Freddie Roach Has Tough Words for Ronda's Boxing and Uriah Hall Has Bizarre Words for Her Critics
Two ways to handle the world of social media after a sport-changing event.
Photo by Jeff Bottari/Zuffa LLC
America's mass pile-on of Ronda Rousey and her team doesn't seem to be slowing down as we get further away from her loss to Holly Holm on Saturday. First to dance on the former undefeated champion's grave were staunch enemies like Miesha Tate and Cris "Cyborg, then it was random fellow fighters and hordes of longtime-turned-very-former fans. Then it was gloating boxers sore that Ronda had appeared on the cover of Ring Magazine and megalomaniacal politicians sore that Ronda hadn't endorsed them for president and experimental pop singers sore that Ronda hadn't touched gloves before the fight and former professional wrestlers sore at ... what?—once being professional wrestlers, I guess. Piling on Ronda has become the country's newest favorite fleeting pastime, its latest fad: planking or "winning" for the third week of November 2015. So hang on Ronda, if American history has taught us anything it's that we will move on to a new collective psychosis soon enough.
But not before everyone who has a video camera shoved in his or her face has a say. Yesterday it was boxing guru Freddie Roach, who has trained numerous mixed martial artists in the sweet science, from former UFC welterweight champion Georges St-Pierre to former UFC light-heavyweight champion Mauricio "Shogun" Rua. Roach is that rare boxing partisan who has opened his heart fully to MMA, so (unlike the millions of slanderers, bandwagon-leapers, armchair strategists, schadenfreude connoisseurs, and Donald Trumps out there) he knows of which he speaks, and Ronda (who, hopefully, is recovering somewhere quiet, with her computer and her phone good and shut off) would be wise to heed his advice before her next fight, especially if that fight is a rematch with Holly Holm. Because in a video released yesterday, Roach told Fight Hub TV that the Holm fight proved that all Rousey has "is a ground game right now."
"She really, really needs to learn how to fight stand-up," Roach said "[Holm] came out as a lefty, a southpaw, and she had no idea or no strategy of how to deal with that. It was embarrassing a little bit. I mean, no one ever taught her anything about boxing, it looked like."
Those are tough words for Rousey, but if she takes Roach's advice and buckles down with her boxing, she could turn last Saturday's mess into what President Obama would call a "teachable moment." There is still a bright side to all this darkness should she choose to see it. But those words are much tougher, and the future looks much bleaker, for Rousey's coach, former kickboxing champion Edmond Tarverdyan, who might be the one person in the MMA world Rousey can think about right now to make herself feel better. Since the fight Tarverdyan has been blasted by everyone for not preparing Ronda better to fight a champion boxer, for failing to acknowledge things weren't going well during the break between the fight's ugly first round and the fatal second, and for glad-handling and yes-manning his prize pupil into a mauling. It was already a bad week for Edmond, and now the world's greatest living boxing coach is telling everyone that his prize student fought a championship fight like she'd never been taught anything about the sport Tarverdyan had supposedly spent the last five years teaching her about.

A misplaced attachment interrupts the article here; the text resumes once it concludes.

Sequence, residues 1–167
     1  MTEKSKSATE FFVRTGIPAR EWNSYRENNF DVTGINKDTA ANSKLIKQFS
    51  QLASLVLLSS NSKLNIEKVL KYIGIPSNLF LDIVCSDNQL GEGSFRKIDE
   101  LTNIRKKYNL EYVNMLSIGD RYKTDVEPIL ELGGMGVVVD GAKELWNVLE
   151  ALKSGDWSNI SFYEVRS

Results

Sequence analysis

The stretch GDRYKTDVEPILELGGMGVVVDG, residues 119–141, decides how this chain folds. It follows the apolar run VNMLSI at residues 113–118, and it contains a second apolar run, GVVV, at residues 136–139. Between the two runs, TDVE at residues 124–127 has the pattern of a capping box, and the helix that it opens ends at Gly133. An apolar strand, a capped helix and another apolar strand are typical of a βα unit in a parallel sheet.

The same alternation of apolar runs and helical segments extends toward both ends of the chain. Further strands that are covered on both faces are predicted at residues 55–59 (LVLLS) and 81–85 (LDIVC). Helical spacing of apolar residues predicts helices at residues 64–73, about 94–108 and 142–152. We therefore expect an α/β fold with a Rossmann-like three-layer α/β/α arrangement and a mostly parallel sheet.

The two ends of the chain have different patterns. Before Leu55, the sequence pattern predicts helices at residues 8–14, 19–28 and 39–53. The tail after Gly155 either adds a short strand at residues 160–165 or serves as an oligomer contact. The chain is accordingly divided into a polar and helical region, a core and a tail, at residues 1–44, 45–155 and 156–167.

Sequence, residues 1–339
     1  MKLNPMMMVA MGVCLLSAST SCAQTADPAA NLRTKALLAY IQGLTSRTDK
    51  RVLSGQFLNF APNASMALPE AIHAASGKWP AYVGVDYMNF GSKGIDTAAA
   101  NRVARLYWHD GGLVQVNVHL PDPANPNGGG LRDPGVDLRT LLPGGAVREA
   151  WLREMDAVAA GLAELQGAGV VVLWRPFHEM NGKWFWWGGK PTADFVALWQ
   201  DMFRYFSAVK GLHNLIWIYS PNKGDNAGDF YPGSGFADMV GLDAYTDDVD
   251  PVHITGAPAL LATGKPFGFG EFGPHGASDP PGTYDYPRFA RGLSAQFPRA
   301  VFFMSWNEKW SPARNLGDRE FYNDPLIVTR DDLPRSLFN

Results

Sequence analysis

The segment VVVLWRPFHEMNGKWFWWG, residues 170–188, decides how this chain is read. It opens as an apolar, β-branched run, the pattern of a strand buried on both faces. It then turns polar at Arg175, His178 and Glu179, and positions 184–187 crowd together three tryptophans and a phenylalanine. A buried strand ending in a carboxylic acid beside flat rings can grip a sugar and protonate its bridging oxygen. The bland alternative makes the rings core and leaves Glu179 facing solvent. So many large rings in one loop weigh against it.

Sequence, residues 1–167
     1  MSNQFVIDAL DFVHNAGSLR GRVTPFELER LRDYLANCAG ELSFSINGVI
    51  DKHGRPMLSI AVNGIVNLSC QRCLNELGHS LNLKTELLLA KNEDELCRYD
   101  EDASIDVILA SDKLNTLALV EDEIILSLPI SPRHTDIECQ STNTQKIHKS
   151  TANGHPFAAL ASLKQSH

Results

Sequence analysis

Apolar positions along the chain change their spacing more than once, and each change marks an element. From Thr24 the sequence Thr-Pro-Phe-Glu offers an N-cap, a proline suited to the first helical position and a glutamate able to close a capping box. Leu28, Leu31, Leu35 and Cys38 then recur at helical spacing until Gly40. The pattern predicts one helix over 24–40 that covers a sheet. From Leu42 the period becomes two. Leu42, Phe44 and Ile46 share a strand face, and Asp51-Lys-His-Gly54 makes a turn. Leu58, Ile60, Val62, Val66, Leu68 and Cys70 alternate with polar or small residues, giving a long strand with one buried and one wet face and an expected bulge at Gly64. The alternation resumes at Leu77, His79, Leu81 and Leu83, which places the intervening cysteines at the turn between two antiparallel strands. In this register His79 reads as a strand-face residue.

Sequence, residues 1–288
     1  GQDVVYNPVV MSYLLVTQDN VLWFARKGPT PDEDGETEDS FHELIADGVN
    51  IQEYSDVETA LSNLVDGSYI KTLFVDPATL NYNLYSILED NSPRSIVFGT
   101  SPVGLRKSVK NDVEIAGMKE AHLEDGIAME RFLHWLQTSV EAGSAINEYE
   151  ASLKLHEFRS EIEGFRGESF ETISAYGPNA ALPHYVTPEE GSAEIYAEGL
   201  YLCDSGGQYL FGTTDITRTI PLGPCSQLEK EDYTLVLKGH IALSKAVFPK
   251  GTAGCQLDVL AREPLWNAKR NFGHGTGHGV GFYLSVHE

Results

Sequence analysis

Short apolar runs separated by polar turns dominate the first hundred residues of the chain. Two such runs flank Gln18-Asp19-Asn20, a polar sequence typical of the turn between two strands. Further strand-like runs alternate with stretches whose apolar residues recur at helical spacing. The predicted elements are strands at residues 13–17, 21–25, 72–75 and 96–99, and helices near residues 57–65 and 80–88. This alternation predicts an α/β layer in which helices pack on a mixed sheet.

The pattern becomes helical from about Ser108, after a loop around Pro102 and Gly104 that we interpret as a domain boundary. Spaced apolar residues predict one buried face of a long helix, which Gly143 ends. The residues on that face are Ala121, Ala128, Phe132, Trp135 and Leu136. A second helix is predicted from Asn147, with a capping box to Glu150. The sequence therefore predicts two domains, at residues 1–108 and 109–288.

Ronda Rousey's air of invincibility may have just been stripped from her, and the resulting fallout—endorsement-wise, Hollywood-wise, money-wise—could be ugly, but she'll always have a place in MMA. She's too good and her legacy is too enormous and her value to the UFC is too great for her to simply vanish. But there's little doubt that Edmond Tarverdyan's head is now on the chopping block. Rousey's aura was protecting him as much as it was her. Her glory was there for him to bask in, her judo genius and innate athletic ability a curtain for him to hide behind. Now he's just a former kickboxer who couldn't teach a fighting savant how to box and a head coach who was thoroughly out-strategized by the best coaches in MMA. The sword of Damocles is doubtless hanging over the Glendale Fighting Club this week.
And by the way, I don't want to make it seem like no one's been coming to Ronda's defense. Many MMA fighters, fed up themselves by the fickle allegiances of MMA fans and the ruthless group-think of Twitter strategists, have shown their sympathy and support for the former undefeated champion since Saturday's event. And no one has been more supportive or sympathetic than UFC middleweight Uriah Hall, who has taken his own enormous share of shit from basement fighting experts during his short career. And so this morning, in a moment of true, ill-conceived solidarity with his fellow beleaguered fighter, Hall decided the best and noblest course of action would be to throw himself on a social media grenade in the hopes of distracting attention away from his friend. In an Instagram post sticking up for Rousey, Hall, four days removed from the attacks in Paris, said that some of the people currently piling on Ronda Rousey for her loss in a cage-fight are "no different from a terrorist." That kind of self-sacrifice is admirable and noble and beyond explanation, Uriah. Totally, completely, thoroughly beyond explanation.